I read this a while back, but didn’t respond to it then. My intuition was not at all the same as yours that the choice was good or the right thing to do under the circumstances. Only that it wasn’t as bad, combined with an intuition that the robot is now wrestling with the programming to steal with his newly acquired conscience (which is good). However, your analysis seems to be different than mine, at least as you wrote it. Is this a type one robot who tried not to steal, but focused on not stealing big things, only to fail by stealing something small (which was still a fall upward), or was it a type 2 robot who reasoned that his action was actually the right one to do? These aren’t the same thing, are they?

    • Marie says:

      Fr McDonald- Can you please explain to me, someone already disillusioned by those claiming to be orthodox, how you justify your open dissent towards the Vicar of Christ? Did you not take vows of obedience to the hierarchy of the Catholic Church? If so, do you not see the hypocrisy of preaching about marital fidelity while you break your own vows? Where is your humility and integrity, which is required to stay faithful? Where is your love for the Church that you would do this?

  5. Manuel Dauvin says:

    Thank you christopher,
    Jong I appreciate that God loves mccarrick with an infinite love but he earned the disfavor of the faithful. This site is trying to defend pope francis who is receiving unearned disfavor. Your defense of the ex-cardinal gives any rad trad who reads the comments a “confirmation” of their suspicions that Francis followers are unwilling to face the dire situation that we face in the church. So I hope you will consider quietly appealing directly to God that he have mercy on mccarrick and not seek any for him from us just yet.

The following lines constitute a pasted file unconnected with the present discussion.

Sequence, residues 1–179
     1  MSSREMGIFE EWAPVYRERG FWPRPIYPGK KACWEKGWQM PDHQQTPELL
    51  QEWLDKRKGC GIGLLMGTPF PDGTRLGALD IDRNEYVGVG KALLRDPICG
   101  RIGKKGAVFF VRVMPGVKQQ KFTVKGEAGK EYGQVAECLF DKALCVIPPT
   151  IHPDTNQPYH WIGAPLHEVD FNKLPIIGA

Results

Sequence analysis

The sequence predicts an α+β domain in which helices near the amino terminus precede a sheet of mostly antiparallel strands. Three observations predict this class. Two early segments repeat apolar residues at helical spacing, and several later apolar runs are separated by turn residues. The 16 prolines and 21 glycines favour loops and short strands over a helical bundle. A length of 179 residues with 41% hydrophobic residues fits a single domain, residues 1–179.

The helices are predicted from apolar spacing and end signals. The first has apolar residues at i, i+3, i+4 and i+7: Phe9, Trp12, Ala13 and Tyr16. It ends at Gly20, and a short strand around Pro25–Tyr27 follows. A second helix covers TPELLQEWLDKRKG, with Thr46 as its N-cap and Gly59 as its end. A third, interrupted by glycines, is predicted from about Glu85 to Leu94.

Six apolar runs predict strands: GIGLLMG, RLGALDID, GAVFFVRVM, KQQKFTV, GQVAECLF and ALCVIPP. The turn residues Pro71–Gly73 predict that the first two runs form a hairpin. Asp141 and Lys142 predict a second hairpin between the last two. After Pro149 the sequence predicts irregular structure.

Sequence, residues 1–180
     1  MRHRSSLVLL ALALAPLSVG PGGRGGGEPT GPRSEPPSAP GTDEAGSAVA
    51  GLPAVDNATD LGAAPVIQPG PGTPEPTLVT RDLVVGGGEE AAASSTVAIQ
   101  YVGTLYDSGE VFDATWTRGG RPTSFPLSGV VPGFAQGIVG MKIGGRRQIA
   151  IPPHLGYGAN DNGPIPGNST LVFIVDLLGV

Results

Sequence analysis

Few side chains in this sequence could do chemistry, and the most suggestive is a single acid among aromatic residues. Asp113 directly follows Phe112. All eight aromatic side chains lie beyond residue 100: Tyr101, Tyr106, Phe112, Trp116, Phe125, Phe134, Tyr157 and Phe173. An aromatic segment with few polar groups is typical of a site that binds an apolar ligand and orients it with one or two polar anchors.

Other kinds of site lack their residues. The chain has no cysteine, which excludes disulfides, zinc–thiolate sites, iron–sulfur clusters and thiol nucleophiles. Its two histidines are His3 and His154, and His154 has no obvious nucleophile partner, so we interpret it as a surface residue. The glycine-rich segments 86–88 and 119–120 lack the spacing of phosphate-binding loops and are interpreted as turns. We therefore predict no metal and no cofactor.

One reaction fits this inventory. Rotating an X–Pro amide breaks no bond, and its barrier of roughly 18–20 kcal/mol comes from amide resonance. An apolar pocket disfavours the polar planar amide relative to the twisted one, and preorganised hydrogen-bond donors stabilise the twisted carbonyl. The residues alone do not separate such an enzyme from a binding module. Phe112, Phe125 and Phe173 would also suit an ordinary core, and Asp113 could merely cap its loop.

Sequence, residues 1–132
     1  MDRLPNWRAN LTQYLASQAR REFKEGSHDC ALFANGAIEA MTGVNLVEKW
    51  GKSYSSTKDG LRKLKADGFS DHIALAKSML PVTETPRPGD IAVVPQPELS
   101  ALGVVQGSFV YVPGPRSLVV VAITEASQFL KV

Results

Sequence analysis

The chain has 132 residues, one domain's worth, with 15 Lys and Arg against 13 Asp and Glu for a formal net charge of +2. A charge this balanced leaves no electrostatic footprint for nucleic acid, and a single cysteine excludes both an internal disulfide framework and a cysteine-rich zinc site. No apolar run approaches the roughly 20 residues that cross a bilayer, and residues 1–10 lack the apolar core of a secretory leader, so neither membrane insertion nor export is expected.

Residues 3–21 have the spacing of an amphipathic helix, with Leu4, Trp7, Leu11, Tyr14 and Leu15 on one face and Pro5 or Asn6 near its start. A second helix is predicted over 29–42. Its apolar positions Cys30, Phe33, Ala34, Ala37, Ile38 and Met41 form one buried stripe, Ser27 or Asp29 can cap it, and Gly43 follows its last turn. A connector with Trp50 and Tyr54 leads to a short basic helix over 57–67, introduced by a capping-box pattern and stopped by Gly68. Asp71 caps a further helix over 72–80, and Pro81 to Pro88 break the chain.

6. James Matthew says:

    It would seem that the logic of the defense of Amoris Laetitia can be applied to other situations that would make most Catholics balk.

    What if a man born to a Catholic couple received the following sacraments early in life – Baptism, Penance, and Communion. But soon after his first Holy Communion his mother left his father, taking him with her and raised him in her new viewpoint of Agnosticism. He becomes a doctor and specializes in abortions, at this time he believes that there is nothing immoral in his profession. He civilly marries and has children. He than has an experience that makes him seek to return to the Catholic Church.

    Can he continue living as he has before? He has specialized solely in performing abortions for so long that he feels certain that he can’t do anything else, and everyone else is certain he will not make anything close to the money he did before if he can somehow find some kind of more menial work. Can he continue to perform abortions without it being a mortal sin if his wife threatens to leave him if he gives up his lucrative abortion practice and holds that their children will not only become psychologically damaged by the divorce but become impoverished and face homelessness if he gives up his profession? That she will inform the children that it is Catholicism and its version of Jesus that is the cause of the destruction of their family, social, and schooling life. That it is this faith and its Jesus that has led to the destruction of their present life and future prospects (such as College attendance).